My family loves food. We bond over it. We shop for it together; its preparation is an experience we all enjoy. It just makes sense, then, that I would opt to prepare the majority of the purees for my little ones. I have taken genuine pleasure in preparing baby food myself, and with the help of just a few key tools, it is honestly a simple and wholly gratifying experience. And, contrary to what you might fear, it really doesn’t take much of a time investment. Interested in giving it a shot? Read on!
Now, the following items are by no means a requirement, per se, for making baby food on your own, but I’ll be honest: I don’t know how I’d get by without them. With a little ingenuity, though, you might be able to find something at your disposal to use instead that works just as well!
Steaming foods is the absolute best way to retain all of the those important vitamins and ensure they make it into baby’s tummy and aren’t lost as they leach out into boiling water. There are admittedly some veggies for which I have found steaming to be the inferior option (sweet peas are one that immediately comes to mind), but for the most part, when steaming is possible, I choose that method of preparation. I absolutely love my asparagus steamer like this one for this purpose. It is just the right size to accomodate the relatively small amount of food I am typically preparing for each batch, and the holes on the basket are very small, so there is no chance of any morsels escaping to the water below. We actually received this steamer as a gag gift when we married (long story), but it has turned out to be one of the most well-used tools in our kitchen arsenal!
2 A good food processor (or blender)
Hang out here long enough and you’ll see that of any of my various kitchen gadgets, the one I’d be the most loathe to live without would probably by my food processor. I use it for everything from pastry and pizza doughs to soups and sauces, and it is the perfect companion to anyone interested in making their own baby food. I have known plenty of folks who have found a blender to yield terrific results, though, so don’t feel like you have to have a processor to get the job done.
3 Ice cube trays
I have seen items in specialty catalogs that are intended solely for freezing baby food purees, but plain-Jane ice cube trays have always done the trick for me! By freezing in these individual portions, you can easily choose the amount of each food you wish to heat and serve. Look for trays that yield about 1-ounce cubes to make calculating serving sizes especially easy.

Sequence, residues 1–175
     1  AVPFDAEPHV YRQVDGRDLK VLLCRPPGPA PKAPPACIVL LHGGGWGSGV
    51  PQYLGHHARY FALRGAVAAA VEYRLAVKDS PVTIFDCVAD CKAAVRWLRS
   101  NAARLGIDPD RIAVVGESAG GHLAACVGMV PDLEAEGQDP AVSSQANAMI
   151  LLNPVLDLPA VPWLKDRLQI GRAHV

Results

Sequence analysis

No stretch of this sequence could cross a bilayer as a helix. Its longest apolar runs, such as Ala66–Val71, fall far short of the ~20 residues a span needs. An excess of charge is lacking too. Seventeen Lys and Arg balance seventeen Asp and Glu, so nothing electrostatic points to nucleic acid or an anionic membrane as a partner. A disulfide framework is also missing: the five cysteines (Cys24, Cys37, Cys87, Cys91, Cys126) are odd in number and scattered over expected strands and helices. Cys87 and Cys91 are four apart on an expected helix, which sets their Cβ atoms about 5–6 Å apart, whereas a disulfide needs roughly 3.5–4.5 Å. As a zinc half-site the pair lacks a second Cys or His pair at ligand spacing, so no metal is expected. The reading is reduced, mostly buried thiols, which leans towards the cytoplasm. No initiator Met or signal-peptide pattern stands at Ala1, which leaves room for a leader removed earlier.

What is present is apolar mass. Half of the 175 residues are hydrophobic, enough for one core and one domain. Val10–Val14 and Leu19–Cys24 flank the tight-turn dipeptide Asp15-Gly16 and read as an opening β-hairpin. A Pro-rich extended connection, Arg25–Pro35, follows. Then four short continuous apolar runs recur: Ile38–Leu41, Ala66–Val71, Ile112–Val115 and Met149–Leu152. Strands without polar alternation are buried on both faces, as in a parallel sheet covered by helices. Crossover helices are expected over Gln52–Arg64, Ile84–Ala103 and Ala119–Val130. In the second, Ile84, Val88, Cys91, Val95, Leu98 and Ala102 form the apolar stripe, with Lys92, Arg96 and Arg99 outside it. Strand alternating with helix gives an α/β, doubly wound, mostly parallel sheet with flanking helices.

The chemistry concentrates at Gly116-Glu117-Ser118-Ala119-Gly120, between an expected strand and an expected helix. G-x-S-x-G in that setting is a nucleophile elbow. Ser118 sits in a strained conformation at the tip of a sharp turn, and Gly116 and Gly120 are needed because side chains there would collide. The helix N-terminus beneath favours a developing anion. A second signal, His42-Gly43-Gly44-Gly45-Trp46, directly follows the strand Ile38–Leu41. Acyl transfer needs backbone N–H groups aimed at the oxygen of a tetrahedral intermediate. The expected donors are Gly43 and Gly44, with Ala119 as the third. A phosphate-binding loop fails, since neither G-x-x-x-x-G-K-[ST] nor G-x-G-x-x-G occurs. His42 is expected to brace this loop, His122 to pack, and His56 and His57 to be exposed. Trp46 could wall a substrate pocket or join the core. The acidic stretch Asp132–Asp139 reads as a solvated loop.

4 Zip-top bags
For ease of storage, I have found this to be the best option, by far. They enable you to label each item with its name and date of preparation, and it is super helpful to be able to see into each bag so you know exactly what you’re reaching for, and when you’re running low and need to prepare more. Word to the wise: it’s obviously purely up to personal preference, but I find the types of bags with the sliding closure to be particularly nice, because they make it possible to take out and portion and then reclose the bag one-handed (or almost so), all while holding a hungry baby on your hip.
5 A microwave
Thawing purees at room temperature or in the fridge is always an option, but let’s face it: when feeding little ones, time is almost always of the essence. Heating the individual portions on low power for a minute or two will defrost the purees and heat just the right amount. Remember, most babies actually prefer to eat foods served at room temperature, so there is no need to heat excessively!
In introducing various foods to my babies, I have always gone in a particular order.
Yellow (including winter/summer squash)
Orange (including carrots, sweet potatoes)
Green (including peas, green beans)
I don’t tend to stick to a particular order here, but I do introduce the fruits last to ensure that each child develops a taste for the often less-appealing vegetables before I show them that sweet stuff tastes really, really good.
About three weeks ago, I started preparing vegetable purees to have at the ready once I get Tink started on solids. (My plan is to get her started on cereal this week, moving on to veggies in the next week or two.) To prepare a supply of butternut squash, sweet potatoes, carrots, peas and green beans (my go-to repertoire for the introduction of vegetables), it took me only a couple of hours on a weekday afternoon (not counting the time it took to freeze in individual portions). Not too shabby!
For sweet potatoes, scrub the potatoes thoroughly and pierce with a fork. Wrap in foil and bake at 350 degrees for about one hour, or until tender. Scrape pulp from potato skins, and prepare per the instructions for butternut squash above.
I like to use pre-washed baby carrots. Place 2-3 generous handfuls of baby carrots in a steamer basket, and steam for approximately 10-12 minutes, or until very tender. (Reserve steaming liquid.) Place carrots in bowl of food processor or blender and puree until desired consistency is reached, adding cooking liquid as necessary.